With Mother’s Day fast approaching I’ve been thinking lots about my mom… and myself as a mom… and how I basically want to be my mom but as myself to my kids. Did ya get that? No? Let me explain.
Did your school have career day growing up? I feel like we only had it for kindergarteners, because I have exactly one memory and one photo of “career day” from my entire childhood and it was in kindergarten. What better time to ask children to commit to a lifelong occupation than when they are missing half of their teeth and think you spell phone with an f?
Vanesa dressed up as a baker.
Abby came to school as a teacher.
Chaz, my bad boy, 5-year-old boyfriend at the time, was probably something really cool and outside of the box like a motorcycle rider or a hairstylist.
Anyways, it was a pretty standard prompt. You pick a career, your mom makes you a felt hat to match, and you’re good to go for the rest of your life. Path is paved! Commitment made! No changing your mind!
Always marching to the beat of my own tone-deaf-drum, I did not exactly follow the prompt. I thought of it in a more abstract way. If a career is a job and a job is something you do when you grow up and my mom is a grown up then her job is being a mommy… and I wanna be a mommy too!
Decision made. I would be a mom for career day.
So, when the morning of the big day arrived, my mom let me wear this strange Hawaiian print mumu. (I have not a clue as to how it fit because I’m pretty sure it was for an adult.) But, nonetheless, I shoved a pillow under it since I was apparently “expecting”, grabbed my stroller filled with babies, and headed to career day. I can only imagine what the other parents were thinking when they saw me quite literally roll up with a pregnant stomach and too many children to count.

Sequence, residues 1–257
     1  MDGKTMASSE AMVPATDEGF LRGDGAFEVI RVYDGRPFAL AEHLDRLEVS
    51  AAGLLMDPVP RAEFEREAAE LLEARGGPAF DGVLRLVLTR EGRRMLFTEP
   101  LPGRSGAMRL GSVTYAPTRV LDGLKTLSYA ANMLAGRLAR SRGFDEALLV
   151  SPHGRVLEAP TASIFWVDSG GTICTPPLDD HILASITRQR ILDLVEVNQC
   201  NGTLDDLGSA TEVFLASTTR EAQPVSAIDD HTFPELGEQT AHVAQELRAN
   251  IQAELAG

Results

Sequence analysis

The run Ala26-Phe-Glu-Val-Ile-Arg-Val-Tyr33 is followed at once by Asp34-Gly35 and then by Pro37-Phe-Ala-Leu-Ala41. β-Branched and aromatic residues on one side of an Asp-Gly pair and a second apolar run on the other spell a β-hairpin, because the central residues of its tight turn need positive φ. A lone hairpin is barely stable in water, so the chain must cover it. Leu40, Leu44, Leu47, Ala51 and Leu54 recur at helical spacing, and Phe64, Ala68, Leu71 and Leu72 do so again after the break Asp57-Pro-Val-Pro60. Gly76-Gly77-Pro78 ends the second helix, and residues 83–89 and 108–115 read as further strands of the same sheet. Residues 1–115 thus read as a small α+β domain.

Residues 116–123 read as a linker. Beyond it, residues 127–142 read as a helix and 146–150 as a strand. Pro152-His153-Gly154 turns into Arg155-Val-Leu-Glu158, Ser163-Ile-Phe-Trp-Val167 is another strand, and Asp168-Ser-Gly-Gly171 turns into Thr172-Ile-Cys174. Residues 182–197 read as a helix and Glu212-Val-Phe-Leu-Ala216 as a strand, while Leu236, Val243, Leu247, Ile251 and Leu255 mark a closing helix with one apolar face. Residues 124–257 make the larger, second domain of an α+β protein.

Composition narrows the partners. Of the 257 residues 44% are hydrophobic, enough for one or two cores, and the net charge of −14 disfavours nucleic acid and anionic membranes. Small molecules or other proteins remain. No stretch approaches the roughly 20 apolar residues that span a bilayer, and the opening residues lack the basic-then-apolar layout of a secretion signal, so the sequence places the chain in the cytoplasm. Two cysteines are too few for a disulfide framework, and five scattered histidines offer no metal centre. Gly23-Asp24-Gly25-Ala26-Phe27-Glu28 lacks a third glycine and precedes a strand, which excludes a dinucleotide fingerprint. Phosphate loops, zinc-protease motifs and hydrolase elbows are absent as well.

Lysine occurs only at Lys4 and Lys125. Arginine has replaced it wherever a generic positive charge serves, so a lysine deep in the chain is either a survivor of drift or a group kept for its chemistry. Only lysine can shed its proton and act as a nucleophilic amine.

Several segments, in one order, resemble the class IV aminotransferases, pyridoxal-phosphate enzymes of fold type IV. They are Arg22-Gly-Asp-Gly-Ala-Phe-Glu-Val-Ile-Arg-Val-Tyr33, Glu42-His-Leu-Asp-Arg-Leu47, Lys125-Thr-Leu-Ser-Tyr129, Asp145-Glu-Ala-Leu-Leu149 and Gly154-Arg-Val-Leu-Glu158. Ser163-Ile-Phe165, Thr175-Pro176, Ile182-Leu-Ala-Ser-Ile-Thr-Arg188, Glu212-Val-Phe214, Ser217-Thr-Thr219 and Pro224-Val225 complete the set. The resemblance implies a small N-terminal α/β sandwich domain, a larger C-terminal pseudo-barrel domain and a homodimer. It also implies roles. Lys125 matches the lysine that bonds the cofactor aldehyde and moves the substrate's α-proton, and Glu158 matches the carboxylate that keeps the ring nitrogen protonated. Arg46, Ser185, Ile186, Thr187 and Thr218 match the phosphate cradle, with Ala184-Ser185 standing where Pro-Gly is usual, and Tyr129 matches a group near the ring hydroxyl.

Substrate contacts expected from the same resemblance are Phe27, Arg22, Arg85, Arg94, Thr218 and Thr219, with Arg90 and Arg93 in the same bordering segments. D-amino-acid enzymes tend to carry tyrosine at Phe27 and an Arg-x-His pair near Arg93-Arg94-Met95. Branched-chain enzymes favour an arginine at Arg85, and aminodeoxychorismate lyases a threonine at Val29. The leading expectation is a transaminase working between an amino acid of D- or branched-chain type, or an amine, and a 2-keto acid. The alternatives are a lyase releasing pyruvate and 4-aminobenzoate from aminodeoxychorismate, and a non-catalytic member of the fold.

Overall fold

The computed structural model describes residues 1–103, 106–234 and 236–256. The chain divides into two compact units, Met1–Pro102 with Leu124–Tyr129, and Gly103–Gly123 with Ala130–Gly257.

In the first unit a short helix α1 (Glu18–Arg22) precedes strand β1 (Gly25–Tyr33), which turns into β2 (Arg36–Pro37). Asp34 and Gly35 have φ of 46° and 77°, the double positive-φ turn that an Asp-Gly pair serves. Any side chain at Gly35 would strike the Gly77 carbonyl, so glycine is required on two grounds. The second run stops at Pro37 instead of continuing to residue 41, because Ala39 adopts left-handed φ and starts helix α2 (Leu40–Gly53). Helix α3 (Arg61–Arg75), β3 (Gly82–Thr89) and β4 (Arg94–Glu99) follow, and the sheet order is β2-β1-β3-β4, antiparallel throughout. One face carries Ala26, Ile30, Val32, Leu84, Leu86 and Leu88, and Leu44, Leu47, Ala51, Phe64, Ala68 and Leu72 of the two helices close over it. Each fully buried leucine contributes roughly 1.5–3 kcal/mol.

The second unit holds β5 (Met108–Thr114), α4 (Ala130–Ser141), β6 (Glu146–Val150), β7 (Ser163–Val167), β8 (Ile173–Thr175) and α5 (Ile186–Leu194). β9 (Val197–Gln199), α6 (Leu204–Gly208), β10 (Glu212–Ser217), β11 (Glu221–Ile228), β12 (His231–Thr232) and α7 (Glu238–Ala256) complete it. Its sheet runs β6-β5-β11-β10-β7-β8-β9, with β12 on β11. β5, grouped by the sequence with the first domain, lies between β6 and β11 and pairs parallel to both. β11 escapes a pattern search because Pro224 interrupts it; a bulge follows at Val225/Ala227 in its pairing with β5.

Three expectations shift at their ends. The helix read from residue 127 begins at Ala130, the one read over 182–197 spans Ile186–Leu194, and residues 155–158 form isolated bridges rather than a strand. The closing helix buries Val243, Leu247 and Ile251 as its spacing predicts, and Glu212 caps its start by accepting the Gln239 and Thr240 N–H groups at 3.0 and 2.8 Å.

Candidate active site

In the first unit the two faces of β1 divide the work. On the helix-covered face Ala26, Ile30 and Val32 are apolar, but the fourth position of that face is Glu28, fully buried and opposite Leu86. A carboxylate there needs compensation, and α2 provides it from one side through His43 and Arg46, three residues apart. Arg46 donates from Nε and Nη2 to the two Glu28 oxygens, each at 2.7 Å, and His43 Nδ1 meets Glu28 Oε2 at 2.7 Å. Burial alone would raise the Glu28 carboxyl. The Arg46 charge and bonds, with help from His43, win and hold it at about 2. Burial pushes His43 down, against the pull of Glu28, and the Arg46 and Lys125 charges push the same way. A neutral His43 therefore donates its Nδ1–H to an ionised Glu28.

I joked earlier that it’s funny to think that a kid could know what they want in life at such a young age, but I knew what I wanted. I wanted to be a mom. I didn’t know what I would study in college or if I would have a separate career, but I knew I wanted to be a momma.
As I grew up, I recognized that not everyone got to choose their path in life. I didn’t know if I would get married. I didn’t know if I’d have biological kids or adopt. All I knew was that someway, somehow, I would love on babies and kiss them and pray for them.
I obviously *did* get married and I *did* have babies… and it’s so much more wonderful and difficult and sweet and exhausting than I could ever have imagined. But I think of that little girl often – the one with the saggy pillow under her dress who’s pushing a buggy full of babies into her kindergarten class. She’d never be offended if someone asked her if she was “just a mom”, because that’s all she’s ever wanted to be.